I think Freeman was excellent, but what I believe is his most salient point he expressed tangentially, and in segments, and in truth is not the kind of thing that can be argued well in debate, because it is grounded in sentiment and inference rather than cold facts. I would put it this way: that the nature of Washington’s alliance with Israel, and especially the extreme deference to Israeli sensibilities that seems inextricable from it, had pulled the United States into an ever expanding arc of conflict with the Muslim world, a conflict that is far from inevitable and in fact unnecessary—and that this conflict has made us a target of terrorism and has already eroded our constitutional liberties, as well as costing us hundreds of billions of dollars and tens of thousands of dead and wounded. Freeman noted that several terrorist operatives have mentioned American support for Israel as an important motivator for their actions, but they have other, also serious, reasons for their hatred. Would the United States have had troops stationed in Saudi Arabia, the residue of the first Iraq war, without Israel and its lobby? A case could be made either way. I don’t believe we would be at war with Iraq now without Israel, though the proponents of that war now work overtime to claim that no, Iran was always Israel’s preferred target. We certainly would not be working ourselves into a froth over the remote possibility of an Iranian nuclear deterrent without Israel’s prodding.

But how exactly do you quantify the cost of appearing as blatantly hypocritical (about democracy, about human rights) to hundreds of millions of Muslims? Satloff can and did claim that Arabs (quietly) support a war against Iran and say that when Arab governments complain about American support for Zionism, it is more or less meaningless. Perhaps it is; the governments are weak, autocratic, not very effective and hardly beloved by their own people.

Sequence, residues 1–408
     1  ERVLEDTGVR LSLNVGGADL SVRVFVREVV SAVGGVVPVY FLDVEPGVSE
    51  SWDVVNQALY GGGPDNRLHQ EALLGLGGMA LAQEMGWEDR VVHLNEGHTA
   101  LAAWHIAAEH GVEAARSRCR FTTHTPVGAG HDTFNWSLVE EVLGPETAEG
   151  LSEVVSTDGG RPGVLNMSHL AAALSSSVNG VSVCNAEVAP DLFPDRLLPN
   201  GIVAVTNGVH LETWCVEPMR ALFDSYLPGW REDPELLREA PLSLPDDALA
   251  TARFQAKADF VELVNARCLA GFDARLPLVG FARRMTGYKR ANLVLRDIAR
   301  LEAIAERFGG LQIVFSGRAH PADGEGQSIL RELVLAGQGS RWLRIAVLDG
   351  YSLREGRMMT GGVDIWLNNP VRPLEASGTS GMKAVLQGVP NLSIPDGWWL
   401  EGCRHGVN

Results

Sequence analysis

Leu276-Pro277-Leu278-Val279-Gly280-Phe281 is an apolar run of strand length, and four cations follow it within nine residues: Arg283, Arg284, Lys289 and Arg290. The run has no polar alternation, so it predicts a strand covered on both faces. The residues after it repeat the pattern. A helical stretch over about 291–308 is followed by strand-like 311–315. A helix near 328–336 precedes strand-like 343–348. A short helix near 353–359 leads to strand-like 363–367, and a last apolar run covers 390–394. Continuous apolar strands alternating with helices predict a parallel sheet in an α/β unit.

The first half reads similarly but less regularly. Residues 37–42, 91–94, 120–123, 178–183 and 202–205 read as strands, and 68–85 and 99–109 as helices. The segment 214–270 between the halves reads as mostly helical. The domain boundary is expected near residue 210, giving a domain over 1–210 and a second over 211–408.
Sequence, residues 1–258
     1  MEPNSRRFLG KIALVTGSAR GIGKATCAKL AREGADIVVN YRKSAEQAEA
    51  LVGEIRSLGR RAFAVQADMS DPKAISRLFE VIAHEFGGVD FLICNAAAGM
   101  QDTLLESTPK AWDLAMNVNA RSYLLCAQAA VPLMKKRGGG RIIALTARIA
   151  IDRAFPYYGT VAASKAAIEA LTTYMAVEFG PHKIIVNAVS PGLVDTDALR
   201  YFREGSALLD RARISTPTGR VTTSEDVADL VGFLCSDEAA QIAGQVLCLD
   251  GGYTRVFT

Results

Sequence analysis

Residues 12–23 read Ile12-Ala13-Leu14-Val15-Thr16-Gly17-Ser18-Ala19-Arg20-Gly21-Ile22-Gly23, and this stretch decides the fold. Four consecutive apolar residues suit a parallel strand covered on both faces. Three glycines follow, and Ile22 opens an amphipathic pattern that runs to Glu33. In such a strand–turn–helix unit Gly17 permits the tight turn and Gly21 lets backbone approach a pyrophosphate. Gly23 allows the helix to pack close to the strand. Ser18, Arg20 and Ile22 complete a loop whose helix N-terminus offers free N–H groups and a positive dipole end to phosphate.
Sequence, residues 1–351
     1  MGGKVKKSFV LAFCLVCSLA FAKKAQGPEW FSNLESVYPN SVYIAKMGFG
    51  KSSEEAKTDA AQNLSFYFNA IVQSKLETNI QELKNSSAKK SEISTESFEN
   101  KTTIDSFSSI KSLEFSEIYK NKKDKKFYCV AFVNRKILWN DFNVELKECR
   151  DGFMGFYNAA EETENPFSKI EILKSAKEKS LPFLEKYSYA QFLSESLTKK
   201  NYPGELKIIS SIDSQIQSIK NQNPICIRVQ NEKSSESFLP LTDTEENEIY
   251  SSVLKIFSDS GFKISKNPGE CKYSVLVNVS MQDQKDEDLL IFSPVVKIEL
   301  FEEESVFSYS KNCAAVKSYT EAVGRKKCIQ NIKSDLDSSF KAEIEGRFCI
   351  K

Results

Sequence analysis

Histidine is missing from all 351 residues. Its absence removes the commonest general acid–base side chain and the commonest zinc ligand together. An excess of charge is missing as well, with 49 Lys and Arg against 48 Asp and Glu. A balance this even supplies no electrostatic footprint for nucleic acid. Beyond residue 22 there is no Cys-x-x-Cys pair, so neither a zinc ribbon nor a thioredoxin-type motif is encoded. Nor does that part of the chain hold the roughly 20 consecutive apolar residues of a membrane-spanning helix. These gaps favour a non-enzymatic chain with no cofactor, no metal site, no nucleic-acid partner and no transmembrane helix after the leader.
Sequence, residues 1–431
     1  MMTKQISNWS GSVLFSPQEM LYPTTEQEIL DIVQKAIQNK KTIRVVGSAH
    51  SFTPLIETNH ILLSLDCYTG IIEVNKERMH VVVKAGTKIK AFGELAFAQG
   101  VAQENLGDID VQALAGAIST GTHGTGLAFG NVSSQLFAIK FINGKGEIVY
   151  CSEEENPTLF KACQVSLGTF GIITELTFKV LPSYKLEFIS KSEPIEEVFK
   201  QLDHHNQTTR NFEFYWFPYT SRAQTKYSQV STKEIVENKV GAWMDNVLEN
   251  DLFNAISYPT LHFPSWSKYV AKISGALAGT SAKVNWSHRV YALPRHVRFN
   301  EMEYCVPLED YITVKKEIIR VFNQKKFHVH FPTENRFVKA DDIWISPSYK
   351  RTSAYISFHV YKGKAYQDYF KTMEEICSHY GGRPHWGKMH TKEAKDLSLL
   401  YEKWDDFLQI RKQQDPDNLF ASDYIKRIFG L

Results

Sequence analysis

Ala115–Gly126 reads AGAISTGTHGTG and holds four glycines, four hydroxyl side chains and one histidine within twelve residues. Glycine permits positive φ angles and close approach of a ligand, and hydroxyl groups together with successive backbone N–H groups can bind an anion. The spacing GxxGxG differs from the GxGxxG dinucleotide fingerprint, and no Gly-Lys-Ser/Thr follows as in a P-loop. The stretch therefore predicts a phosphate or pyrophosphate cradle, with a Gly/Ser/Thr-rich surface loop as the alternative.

The question period was slightly more expansive. Joe Klein (who I would depict as near neutral in this debate) asked in his signature fashion a pointed question to each figure. I asked Satloff whether his calculus might change if the two-state solution negotiation were to end (or to be generally acknowledged to be over) and Israel was seen, more clearly as a state denying political rights to four million people under occupation. His answer surprised me: there has been a two state negotiation going on since 1937 (the time of an early British partition proposal) and it’s still ongoing. He could not have made it clearer that Israel and its American spokesman enjoy the pretext of a peace process—it can go on forever!– while Israel, which got its state 62 years ago, continues to settle and seize the land it wants.

Satloff was full of condescending praise for the Obama administration for “correcting its error” of asking for a settlement freeze in Jerusalem as a prelude to negotiations. Indeed, he smugly noted that Obama had learned the error of his ways very quickly, so deserved double praise! Generally I found Satloff an interesting character, exuding confidence, expressing forceful talking points at every turn. And they all take a moment to unravel—yes, what he said is a kind of half-truth, and the other half is false. But if the statements come cascading out, expressed rapidly and cogently enough, it can work. I imagine that being in a room with Netanyahu has the same effect.

The one volatile moment came when someone with an Israeli accent (from the guest list I surmise it was Amitai Etzioni, but I’m not certain) challenged Freeman for claiming that one of the things America had learned from Israel was targeted assassination and torture. He was vehement, and mentioned (a good debating point) the Phoenix program in Vietnam. Freeman replied that he had heard first-hand from Israelis about Israeli assassinations and torture, Israelis who had grown repulsed by them. The element that isn’t revealed in the exchange is a complex one—what our interrogators have learned from Israeli ones, whether the entire Israeli colonizing discourse about Muslims, and sex and shame has fed into Abu Ghraib type atrocities. I believe it has, but connecting the dots can’t done in a debate.